from smothering polythene,
wire running red, the callous garrottes
of those who would see me dead.
I fear the onset of duck weed.
You saved me to be stirred.
© Heather Wastie
A performance can change a space for ever. When ‘engagement and creative arts warrior’ Rachel Sharpe said words to this effect, I was struck by the truth of it. Having toured Idle Women of the Wartime Waterways to venues unused to hosting performances, I knew what she was getting at.
A good example is the Wildside Activity Centre in Wolverhampton, alongside the Staffs & Worcs Canal. The room was laid out for us to perform against the short wall of their rectangular space, the ‘top’ of the room – a wall cluttered with displays and other bits and pieces – but we chose the long wall which had several windows. We asked for the chairs to be arranged in a wide arc so that people could see us more easily, and we drew the curtains which created a simple dark backdrop without distractions. The organisers had never hosted a theatrical show before and were very accommodating. At the end of the evening, the Centre’s Project Leader, Steve, looked up at the strip lights and commented that for future events of this nature, it would be good to improve the lighting to make it more atmospheric. So a space previously seen only as an ‘activity room’ now has an added dimension as a theatre, and the success of our show has encouraged them to put on more events of this nature.
There are other venues where we didn’t feel as if our hosts had noticed that they could easily have done more to give us a quiet space where we wouldn’t have to compete with, for example, the ring of a till or loud conversation. A pub which hasn’t hosted theatre before won’t necessarily have realised that it’s not appropriate to book people in to have a meal during the show. It may not occur to them that clattering cutlery and the necessity to communicate over dinner orders is not ideal for audience and artists alike! Some hosts will have taken things like this on board for the future and others not.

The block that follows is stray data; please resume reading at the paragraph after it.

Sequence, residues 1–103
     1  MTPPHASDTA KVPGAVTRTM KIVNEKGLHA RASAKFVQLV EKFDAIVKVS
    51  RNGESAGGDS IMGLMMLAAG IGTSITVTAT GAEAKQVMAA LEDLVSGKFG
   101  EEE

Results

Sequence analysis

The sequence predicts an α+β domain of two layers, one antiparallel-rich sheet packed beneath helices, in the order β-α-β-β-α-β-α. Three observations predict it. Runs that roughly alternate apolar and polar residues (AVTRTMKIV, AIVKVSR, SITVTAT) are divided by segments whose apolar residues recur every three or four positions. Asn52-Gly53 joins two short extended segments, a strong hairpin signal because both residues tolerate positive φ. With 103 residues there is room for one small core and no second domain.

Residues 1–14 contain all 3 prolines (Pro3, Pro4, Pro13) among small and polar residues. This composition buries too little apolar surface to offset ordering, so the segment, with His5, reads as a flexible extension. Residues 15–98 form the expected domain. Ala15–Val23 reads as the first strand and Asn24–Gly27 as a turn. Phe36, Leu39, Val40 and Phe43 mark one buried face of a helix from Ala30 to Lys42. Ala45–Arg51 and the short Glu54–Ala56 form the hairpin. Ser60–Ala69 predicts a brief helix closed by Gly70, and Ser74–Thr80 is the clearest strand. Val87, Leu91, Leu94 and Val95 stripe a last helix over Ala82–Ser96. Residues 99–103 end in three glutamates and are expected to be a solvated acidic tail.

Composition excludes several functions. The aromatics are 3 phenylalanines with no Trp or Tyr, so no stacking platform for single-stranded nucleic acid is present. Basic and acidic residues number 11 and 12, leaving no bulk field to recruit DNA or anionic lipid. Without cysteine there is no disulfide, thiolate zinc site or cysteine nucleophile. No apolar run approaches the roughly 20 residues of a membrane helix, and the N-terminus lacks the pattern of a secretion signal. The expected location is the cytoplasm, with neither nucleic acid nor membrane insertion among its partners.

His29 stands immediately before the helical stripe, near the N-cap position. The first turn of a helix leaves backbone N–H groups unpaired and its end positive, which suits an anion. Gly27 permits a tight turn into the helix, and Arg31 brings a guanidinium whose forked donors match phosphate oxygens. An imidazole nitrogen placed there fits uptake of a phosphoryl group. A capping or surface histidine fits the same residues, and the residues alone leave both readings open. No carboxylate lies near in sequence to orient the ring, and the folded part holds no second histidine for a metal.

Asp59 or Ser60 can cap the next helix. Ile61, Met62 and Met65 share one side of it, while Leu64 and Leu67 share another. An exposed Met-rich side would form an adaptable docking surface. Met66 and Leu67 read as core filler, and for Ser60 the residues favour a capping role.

Not only does a performance change the space, but the audience changes the performance. A large responsive audience in a compact space gives a virtual sounding board which lifts us. Concentration was harder when we had: a sprawling audience with people chatting at the back, a bloke in the second row holding up a device to take photos or a video, wandering and/or barking dogs, a drunken woman (who was really enjoying the show), a man in a loud shirt whose phone had a very loud ringtone …. Every performance feels different and has its own quirks, not least because of the venue and the audience, and taking theatre to non-arts spaces means working round all sorts of inconveniences whilst hoping to develop use of that space and raise awareness of how arts events can work well in community venues.
Some people have come to see our show at least twice and have said it’s even better the second time, which is good to know! Tomorrow night we’re at Theatre in the Dock in Banbury when there will be a special announcement about our exciting plans for 2017. Next year there will be opportunities for our show to have an impact on new spaces, as we take audiences into another world where much of their surroundings are imagined: the back of a boat, a pub, a lock, the towpath, top planks, tarpaulin, sirens, doodlebugs … and lots of women!
For details of our forthcoming London shows and for more information, go to the Alarum Theatre website.